A few weeks ago, in a post entitled, “The Politics of Non-Political Money,” I talked about the Bitcoin blocksize debate as surfacing “politics” in the Bitcoin ecosystem. Important protocol and software development projects require people of disparate views and plans to come together over common standards and code. My thesis in that post was simply that good behavior is good politics because it builds credibility. Some differ, and many—it should be no surprise—aren’t taking my advice. But the precedents set in the blocksize debate are important for the future of Bitcoin, for other cryptocurrencies, and for similar projects that may offer alternatives to governmental monetary and administrative systems.
The politics are intense, there are ways that Bitcoin governance is like government, and proposals to fork the software are kind of like constitutional amendments. But I’m increasingly comfortable thinking of Bitcoin governance as a market phenomenon. Specifically, groups with differing visions are competing to win the favor of Bitcoin miners and nodes, so that their vision, if it prevails, can carry the Bitcoin project forward.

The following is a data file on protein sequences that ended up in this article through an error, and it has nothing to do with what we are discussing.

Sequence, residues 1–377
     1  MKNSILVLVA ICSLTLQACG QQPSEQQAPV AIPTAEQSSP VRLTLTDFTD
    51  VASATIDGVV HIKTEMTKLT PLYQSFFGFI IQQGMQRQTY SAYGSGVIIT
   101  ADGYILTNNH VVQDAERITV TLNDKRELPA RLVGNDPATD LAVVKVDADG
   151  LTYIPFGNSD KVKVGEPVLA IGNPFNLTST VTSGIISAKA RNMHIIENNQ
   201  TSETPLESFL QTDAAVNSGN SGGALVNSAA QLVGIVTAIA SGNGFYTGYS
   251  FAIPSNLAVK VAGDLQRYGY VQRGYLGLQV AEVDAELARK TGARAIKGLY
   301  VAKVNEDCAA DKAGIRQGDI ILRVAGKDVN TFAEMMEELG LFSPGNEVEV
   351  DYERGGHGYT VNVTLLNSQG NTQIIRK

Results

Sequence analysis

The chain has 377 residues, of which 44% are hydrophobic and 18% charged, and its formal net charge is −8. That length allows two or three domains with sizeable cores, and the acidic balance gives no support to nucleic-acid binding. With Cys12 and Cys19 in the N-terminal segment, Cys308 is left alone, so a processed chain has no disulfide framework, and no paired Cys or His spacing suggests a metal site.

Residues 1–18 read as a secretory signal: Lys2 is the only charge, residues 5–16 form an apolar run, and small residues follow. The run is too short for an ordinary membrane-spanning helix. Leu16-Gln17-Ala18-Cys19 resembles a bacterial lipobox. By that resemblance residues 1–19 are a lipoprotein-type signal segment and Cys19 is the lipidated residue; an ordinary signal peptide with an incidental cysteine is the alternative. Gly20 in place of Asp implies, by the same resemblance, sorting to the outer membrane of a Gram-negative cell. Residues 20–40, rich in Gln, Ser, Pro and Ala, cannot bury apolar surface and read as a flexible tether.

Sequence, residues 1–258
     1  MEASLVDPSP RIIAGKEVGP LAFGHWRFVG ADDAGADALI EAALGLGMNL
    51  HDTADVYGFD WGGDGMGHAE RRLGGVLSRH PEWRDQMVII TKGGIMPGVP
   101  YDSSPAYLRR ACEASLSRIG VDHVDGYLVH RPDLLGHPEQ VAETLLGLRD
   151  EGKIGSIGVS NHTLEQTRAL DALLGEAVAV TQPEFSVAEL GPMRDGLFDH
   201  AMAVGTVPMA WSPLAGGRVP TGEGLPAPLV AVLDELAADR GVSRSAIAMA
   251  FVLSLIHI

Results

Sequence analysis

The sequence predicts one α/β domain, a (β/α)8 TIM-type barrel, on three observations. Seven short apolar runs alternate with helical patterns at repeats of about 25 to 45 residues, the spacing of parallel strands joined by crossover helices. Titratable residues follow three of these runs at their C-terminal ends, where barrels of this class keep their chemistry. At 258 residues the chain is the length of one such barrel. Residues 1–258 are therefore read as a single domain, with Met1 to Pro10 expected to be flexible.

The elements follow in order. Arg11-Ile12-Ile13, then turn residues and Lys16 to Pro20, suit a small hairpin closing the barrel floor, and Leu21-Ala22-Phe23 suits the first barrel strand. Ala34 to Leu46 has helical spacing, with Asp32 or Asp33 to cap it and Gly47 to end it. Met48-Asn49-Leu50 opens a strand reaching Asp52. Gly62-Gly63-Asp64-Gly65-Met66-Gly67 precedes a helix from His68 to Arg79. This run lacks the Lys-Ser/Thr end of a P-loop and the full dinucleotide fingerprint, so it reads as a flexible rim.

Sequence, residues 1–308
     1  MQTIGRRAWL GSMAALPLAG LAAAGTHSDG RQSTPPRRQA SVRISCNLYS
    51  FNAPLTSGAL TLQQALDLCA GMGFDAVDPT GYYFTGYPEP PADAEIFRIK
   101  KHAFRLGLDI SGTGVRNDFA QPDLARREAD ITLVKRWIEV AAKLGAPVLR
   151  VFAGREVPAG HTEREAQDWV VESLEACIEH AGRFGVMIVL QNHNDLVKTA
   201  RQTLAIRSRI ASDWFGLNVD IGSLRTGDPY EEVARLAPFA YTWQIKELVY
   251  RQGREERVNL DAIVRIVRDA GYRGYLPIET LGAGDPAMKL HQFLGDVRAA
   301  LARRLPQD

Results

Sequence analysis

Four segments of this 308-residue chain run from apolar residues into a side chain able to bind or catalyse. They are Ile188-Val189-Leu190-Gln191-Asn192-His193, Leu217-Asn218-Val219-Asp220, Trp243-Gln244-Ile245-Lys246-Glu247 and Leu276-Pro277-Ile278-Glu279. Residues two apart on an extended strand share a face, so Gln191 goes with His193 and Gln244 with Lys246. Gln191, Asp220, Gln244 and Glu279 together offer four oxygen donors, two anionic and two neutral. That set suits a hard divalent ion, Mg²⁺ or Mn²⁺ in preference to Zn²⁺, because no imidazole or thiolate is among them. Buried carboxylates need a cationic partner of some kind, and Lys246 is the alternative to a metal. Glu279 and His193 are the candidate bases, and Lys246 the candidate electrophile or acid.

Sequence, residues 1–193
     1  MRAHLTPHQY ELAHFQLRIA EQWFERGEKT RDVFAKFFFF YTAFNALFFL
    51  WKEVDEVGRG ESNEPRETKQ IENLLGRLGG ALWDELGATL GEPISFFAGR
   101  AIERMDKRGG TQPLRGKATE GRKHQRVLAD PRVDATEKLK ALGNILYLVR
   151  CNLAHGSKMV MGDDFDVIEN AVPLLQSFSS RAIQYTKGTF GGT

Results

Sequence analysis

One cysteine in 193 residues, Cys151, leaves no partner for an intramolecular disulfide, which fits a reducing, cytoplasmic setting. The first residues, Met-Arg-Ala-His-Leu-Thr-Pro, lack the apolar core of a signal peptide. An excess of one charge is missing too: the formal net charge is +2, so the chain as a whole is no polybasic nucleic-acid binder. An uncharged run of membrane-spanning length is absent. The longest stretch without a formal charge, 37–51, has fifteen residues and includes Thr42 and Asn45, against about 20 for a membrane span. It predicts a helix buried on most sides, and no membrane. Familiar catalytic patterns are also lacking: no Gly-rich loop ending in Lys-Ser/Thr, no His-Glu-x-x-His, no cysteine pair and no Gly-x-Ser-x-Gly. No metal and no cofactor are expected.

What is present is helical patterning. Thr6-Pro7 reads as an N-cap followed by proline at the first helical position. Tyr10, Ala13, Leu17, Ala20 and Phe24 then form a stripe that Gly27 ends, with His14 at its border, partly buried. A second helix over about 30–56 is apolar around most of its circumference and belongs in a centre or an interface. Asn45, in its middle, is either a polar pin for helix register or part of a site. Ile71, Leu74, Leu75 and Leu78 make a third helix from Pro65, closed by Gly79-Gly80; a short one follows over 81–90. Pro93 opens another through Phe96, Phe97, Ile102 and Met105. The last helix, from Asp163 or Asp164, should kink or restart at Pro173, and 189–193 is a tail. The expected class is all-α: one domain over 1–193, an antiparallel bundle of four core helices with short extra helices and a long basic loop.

Brian Armstrong, CEO of Coinbase, has stepped forward recently as a strong advocate for Bitcoin Classic and a 2MB blocksize. He cites four competitors to